Maybe Clete Boyer was first, maybe he was second.
Morganna “the Kissing Bandit” Roberts became something of a baseball celebrity in the 1970s and beyond, a buxom exotic dancer who was known to bound onto the field and lay a smooch on various famous ballplayers. Some accounts list Cincinnati Reds standout Pete Rose as her first “victim” in August of 1969, though former Atlanta Braves publicity man Bob Hope (not THAT Bob Hope) wrote in his autobiography that Boyer was the first.
Whether first or second, Morganna definitely planted one on the Braves’ third baseman during a game against the Chicago Cubs on Aug. 31, 1969, 50 years ago this month. And it caused a national sensation.
Boyer — whose older brothers Ken and Cloyd also played in the big leagues — made his baseball name as a slick-fielding, OK-hitting third baseman for the New York Yankees’ late dynasty teams of the early 1960s, typically batting toward the bottom of the order and good for double-digit home runs every season. He won World Series rings with New York in 1961 and 1962, and was also part of pennant-winners in 1960, 1963 and 1964.
Boyer was genuinely outstanding with the glove, so good that the Yankees often played him at shortstop. He produced at least 2.0 defensive WAR (and as high as 3.4) every season from 1960-63, but wasn’t going to win any Gold Gloves in those days with Brooks Robinson also in the American League.
Boyer was still a well-above-average defender when the Yankees dealt him to the Braves prior to the 1967 season, their second in Atlanta. The Braves were looking to replace Hall-of-Fame third baseman Eddie Mathews, then in the twilight of his career. New York was looking for a successor to Roger Maris in right field, and coveted Atlanta prospect Bill Robinson for that job.
Though Robinson went on to have a fine career as a power-hitting outfielder/first baseman with the Philadelphia Phillies and Pittsburgh Pirates in the 1970s, he never did much with the Yankees. Nor did the other player acquired in the Boyer deal, veteran pitcher Chi Chi Olivo (he never played for New York at the major-league level).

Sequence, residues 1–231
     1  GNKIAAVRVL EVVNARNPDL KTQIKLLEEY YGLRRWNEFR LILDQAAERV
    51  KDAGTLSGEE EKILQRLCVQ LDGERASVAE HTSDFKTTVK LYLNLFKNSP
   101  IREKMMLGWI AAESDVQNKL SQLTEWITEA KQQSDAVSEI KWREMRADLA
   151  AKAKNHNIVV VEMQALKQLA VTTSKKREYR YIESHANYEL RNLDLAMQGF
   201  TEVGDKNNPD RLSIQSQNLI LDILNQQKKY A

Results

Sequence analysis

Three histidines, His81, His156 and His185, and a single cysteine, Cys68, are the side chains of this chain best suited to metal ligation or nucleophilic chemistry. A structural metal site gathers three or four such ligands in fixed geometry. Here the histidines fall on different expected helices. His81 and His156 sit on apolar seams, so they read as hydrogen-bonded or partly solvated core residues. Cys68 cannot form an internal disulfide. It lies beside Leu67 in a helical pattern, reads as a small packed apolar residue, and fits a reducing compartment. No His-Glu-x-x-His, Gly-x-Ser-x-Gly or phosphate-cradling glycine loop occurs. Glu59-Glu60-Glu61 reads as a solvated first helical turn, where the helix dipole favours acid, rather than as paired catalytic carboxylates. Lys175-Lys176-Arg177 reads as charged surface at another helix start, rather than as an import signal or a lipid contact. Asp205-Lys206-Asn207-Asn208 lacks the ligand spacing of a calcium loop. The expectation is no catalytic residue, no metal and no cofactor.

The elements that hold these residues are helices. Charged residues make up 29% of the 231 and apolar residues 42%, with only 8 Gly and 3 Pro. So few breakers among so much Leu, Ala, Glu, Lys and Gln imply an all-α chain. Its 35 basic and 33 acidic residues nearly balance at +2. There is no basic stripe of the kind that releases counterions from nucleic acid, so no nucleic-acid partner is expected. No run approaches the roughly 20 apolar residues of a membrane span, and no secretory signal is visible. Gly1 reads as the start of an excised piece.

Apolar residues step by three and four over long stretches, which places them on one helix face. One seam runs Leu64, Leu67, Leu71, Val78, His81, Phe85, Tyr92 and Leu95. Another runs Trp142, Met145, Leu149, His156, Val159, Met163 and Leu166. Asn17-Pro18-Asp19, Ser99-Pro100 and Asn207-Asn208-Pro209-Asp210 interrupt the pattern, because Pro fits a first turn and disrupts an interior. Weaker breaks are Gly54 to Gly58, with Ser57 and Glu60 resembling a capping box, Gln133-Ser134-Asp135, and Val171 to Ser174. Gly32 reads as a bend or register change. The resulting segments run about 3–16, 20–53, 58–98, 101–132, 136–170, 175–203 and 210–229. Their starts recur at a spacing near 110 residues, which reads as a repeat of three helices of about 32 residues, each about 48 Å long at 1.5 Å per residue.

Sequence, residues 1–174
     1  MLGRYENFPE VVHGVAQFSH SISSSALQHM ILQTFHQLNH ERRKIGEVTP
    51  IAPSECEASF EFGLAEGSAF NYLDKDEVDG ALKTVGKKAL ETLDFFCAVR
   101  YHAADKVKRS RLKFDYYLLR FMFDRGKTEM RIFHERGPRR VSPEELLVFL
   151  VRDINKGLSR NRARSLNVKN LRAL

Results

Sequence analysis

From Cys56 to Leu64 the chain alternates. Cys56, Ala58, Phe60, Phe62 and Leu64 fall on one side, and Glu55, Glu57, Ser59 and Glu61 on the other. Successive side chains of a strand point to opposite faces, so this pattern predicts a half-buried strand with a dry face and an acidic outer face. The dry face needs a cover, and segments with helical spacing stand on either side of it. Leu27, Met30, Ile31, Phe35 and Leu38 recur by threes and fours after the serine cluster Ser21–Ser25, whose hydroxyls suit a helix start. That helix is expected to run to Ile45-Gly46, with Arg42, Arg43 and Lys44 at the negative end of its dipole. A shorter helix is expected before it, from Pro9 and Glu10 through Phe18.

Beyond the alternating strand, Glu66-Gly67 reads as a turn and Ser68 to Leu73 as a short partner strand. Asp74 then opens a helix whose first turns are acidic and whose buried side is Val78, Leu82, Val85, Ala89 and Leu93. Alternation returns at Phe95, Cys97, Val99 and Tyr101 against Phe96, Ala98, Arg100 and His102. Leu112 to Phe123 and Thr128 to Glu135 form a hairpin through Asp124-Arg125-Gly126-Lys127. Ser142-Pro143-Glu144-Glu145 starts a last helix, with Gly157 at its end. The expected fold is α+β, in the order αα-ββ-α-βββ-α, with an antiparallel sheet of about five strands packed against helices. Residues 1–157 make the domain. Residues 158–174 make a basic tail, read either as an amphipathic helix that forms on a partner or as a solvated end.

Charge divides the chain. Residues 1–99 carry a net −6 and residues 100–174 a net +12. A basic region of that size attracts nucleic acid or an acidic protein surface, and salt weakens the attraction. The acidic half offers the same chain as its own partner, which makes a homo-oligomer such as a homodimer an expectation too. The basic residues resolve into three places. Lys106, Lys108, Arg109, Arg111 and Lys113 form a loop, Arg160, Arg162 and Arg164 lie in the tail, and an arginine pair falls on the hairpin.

Boyer took advantage of the launching pad that was Atlanta Stadium in those days, socking 26 home runs and driving in 96 in 1967, receiving some down-ballot MVP votes. Boyer was limited to 71 games in 1968 after he was hit twice in the hand by pitches from eventual Hall-of-Famers Juan Marichal and Don Drysdale.
But he bounced back to play every day for the Braves in 1969, when Major League Baseball introduced divisional play for the first time. Boyer and Atlanta were part of a jumbled National League West race entering play on Aug. 31, in fourth place behind the San Francisco Giants, Los Angeles Dodgers and Cincinnati Reds, but only 1.5 games out of first.
The Braves and Chicago Cubs — who were then in first place in the NL East — were scoreless in the bottom of the fourth inning before Atlanta’s Orlando Cepeda ripped a one-out double. That brought to the plate Boyer, who was mired in a 1-for-17 slump that had dropped his average to a shade over .240.
That’s when fate — or Morganna — intervened. As venerable Atlanta sportswriter Furman Bisher put it, the exotic dancer “leaped the fence and made it right at home plate with Clete Boyer.” (It’s unclear what Bisher meant by “made it”).
No video of the incident appears to be currently available online, but to give you an idea of Morganna’s schtick (among other things), here’s video of her running on the field to kiss Baltimore Orioles star Cal Ripken Jr. in 1988: